Innocence project hosts event at SMU
It felt like one of those roller coasters seen when driving by Six Flags over Texas. A
Cory Session was 17 when he heard that his brother, Timothy Cole, was convicted of an aggravated sexual assault that he didn’t commit near Texas Tech in 1985. Even with an alibi, a spotless criminal record and proof of severe asthma when the perpetrator was a heavy smoker, one witness’s identification of Tim Cole as the perpetrator was enough to lock him away for 25 years.
“Where are we?” Session said in a recent interview. “What world are we in, what country do we come from? This is the United States.”
Thirteen years later, Tim died while incarcerated. It was another nine years before Session and his mother saw Cole’s name cleared by the work of the Innocence Project of Texas (IPTX).
“My mother passed away in October last year, and that was her one quest for decades: live long enough to see his name clear, and she got to see a lot more than his name clear,” said Session, who left his job as a legislative aid to join IPTX in 2009, and is now their policy director.
Cory Session is coming to speak at SMU along with District Attorney Craig Watkins and three Dallas exonerees, including Johnnie Lindsey, Christopher Scott and Billy Smith as part of a panel in the IPTX Student Organization’s first campus-wide event Feb. 26. SMU junior Steven Evans, student president of the IPTX student organization, has coordinated the event as an introduction of the 3-year-old student group and its mission to the SMU campus. The panel will be held at 7:30 p.m. in the Hillcrest Room of the Underwood Law Library.
“Our work is significant because it’s helping people who cannot help themselves. It’s finding the needle in the haystack,” Evans said. “The innocent person in prison we have a chance of freeing.”
The Innocence Project of Texas, founded in 2007, is a nonprofit organization that serves to exonerate wrongly convicted inmates in Texas. The office, headquartered Lubbock, receives 100-150 letters a week from inmates and family members seeking the Innocence Project’s help.
In addition to the student organization on SMU’s campus, the IPTX works with students from the University of Texas at Dallas, Texas A&M; University and the law school at Texas Tech University. Both undergraduate and law students sort through the innocence claims mailed to IPTX. The students read and digest cases, take copious notes and then write a memo detailing whether or not the case is winnable and worth pursuit and litigation.
The 17 students volunteering this semester at SMU are broken into three groups, each assigned a different case. The cases they read are confidential and cannot be discussed outside of the organization.
“My favorite part of working on the cases is reading through the nitty-gritty details,” Evans said. “There are some comical prosecutors.”
To make it to this step of the exoneration process, the claim for innocence must pertain to an inmate convicted of a felony within the state of Texas. On top of these credentials, the cases must also be provable. The screening process is rigorous because, as a small nonprofit, financial resources are limited.
“The cases that we pick and that we actually litigate, we’re usually pretty confident in because we’re not going to spend a lot of time and money on cases that we don’t think we can win,” said Natalie Roetzel, chief staff attorney of IPTX. “We have a lot of faith in the clients that we do choose, and we work very closely with them and very diligently on their files.”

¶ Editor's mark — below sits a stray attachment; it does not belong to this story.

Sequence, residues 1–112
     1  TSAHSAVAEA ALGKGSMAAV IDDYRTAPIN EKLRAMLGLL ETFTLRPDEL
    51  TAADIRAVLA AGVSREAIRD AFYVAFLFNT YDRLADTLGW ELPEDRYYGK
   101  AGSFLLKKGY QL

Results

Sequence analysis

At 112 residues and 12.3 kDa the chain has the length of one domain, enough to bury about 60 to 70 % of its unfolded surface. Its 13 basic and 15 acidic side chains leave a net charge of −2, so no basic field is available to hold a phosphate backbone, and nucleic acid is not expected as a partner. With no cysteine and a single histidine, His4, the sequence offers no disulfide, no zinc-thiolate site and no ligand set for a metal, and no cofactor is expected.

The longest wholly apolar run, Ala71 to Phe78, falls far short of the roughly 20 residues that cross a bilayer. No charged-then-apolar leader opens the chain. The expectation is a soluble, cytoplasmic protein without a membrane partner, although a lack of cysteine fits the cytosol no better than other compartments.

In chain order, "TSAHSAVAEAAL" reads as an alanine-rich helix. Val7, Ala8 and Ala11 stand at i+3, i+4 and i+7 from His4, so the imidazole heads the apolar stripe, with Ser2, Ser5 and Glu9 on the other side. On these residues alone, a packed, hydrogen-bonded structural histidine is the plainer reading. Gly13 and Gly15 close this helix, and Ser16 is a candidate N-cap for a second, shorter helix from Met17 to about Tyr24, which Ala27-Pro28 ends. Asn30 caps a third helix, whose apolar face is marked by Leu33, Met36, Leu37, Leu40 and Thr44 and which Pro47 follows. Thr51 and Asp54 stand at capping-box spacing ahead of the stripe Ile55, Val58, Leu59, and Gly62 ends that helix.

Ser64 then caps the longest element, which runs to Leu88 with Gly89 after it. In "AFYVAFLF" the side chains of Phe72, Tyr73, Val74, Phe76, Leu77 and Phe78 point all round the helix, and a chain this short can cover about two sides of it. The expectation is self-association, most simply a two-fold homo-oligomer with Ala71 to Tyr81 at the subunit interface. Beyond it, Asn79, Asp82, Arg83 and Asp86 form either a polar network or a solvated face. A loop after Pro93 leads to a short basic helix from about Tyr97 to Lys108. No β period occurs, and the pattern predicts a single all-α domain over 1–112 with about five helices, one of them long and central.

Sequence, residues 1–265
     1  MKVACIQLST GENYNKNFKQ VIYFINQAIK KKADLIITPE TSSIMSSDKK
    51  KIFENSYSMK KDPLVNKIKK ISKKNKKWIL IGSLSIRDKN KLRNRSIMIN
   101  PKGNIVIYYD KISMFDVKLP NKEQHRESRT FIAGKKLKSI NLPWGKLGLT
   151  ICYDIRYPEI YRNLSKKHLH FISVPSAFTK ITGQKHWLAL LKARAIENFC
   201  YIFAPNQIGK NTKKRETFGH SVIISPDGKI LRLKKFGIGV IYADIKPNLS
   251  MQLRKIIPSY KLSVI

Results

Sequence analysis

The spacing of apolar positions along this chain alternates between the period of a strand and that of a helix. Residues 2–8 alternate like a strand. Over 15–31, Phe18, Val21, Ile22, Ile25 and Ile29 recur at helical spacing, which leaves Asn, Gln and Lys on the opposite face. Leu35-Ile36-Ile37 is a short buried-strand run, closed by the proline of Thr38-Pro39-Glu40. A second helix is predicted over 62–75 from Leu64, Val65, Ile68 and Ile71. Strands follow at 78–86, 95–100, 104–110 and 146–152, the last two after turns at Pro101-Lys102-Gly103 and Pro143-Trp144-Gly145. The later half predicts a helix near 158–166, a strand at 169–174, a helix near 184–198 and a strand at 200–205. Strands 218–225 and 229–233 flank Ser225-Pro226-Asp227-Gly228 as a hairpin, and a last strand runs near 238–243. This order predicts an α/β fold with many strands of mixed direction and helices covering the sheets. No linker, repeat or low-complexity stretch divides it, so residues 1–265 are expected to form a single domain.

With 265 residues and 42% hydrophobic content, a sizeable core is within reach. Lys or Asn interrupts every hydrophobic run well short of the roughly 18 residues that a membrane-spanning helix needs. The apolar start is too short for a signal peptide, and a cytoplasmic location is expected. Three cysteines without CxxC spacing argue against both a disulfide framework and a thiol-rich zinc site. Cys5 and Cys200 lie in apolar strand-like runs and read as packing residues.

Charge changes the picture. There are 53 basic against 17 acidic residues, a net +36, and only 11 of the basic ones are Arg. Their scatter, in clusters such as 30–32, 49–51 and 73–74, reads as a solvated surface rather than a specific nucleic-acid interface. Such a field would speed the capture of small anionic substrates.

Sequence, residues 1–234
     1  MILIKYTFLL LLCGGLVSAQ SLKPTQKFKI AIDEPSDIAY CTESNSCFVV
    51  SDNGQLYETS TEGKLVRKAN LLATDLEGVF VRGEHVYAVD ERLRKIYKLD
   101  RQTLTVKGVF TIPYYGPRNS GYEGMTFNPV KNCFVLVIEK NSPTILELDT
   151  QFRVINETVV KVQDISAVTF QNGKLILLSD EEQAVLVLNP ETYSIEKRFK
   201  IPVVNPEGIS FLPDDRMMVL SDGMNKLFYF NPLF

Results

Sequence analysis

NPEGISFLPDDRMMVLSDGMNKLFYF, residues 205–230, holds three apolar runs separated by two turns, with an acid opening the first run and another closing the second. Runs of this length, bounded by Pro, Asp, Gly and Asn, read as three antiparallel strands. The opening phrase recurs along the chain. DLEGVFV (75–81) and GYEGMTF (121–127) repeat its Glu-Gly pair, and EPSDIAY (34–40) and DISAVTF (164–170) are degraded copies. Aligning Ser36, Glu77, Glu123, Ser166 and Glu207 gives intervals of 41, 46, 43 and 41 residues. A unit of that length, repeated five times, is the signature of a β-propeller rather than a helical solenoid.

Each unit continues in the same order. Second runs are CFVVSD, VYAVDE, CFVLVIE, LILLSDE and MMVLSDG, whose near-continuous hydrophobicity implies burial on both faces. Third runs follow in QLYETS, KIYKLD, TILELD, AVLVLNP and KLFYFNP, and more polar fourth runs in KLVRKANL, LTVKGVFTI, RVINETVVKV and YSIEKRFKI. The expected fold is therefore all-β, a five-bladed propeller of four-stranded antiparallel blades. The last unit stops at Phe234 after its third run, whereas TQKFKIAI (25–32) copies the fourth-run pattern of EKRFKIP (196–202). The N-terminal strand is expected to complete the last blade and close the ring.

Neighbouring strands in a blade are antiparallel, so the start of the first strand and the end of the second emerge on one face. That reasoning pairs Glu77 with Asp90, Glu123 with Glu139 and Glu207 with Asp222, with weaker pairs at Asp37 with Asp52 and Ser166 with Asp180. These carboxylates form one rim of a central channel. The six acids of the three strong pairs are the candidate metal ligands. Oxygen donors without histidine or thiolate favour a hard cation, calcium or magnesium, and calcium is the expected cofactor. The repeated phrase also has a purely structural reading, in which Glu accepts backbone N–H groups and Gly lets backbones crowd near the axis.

While pursuing exonerations of innocent Texas inmates is the more immediate goal of the organization, the overarching mission is to evoke reforms in the legislative system to prevent wrongful convictions from occurring in the first place.
“If we don’t learn something from all of our cases then we’ve failed,” Roetzel said. “What we want to be able to do is take these cases, make examples of them, and basically demonstrate what reforms might be available to prevent those injustices from happening in the future.”
As a result of Timothy Cole’s exoneration in 2009, an advisory panel was created to review wrongful convictions in Texas and compile legislative solutions. Five of the six suggested reforms have already been adopted by the legislature, and the IPTX is pushing for the sixth, dealing with false confessions, in the upcoming session January 2015.
Timothy Cole’s case “was not only a triumph for his family, but his name and story have been the source of a lot of change in the state,” IPTX Executive Director Nick Vilbas said.
Cole was arrested for the rape after the victim, Michele Mallin, misidentified him as her assailant in a photo line-up. She said that at the time she was positive it was Cole.
The Innocence Project of Texas’s next goal is a move to Dallas. Their headquarters are in Lubbock, and as the organization continues to grow, they are seeking a more central location to ease the cooperation of the organization with its student groups at campuses like SMU and UT Dallas.
“Dallas has the largest student population out of any groups that we work with, and it seems to have the most enthusiasm from students,” Roetzel said. “Having that central hub for our organization would be a major success story for us.”
Visit the IPTX website for more information. The panel, at 7:30 p.m. Feb. 26, is open to the public and will be located in the Hillcrest Room of Underwood Law Library.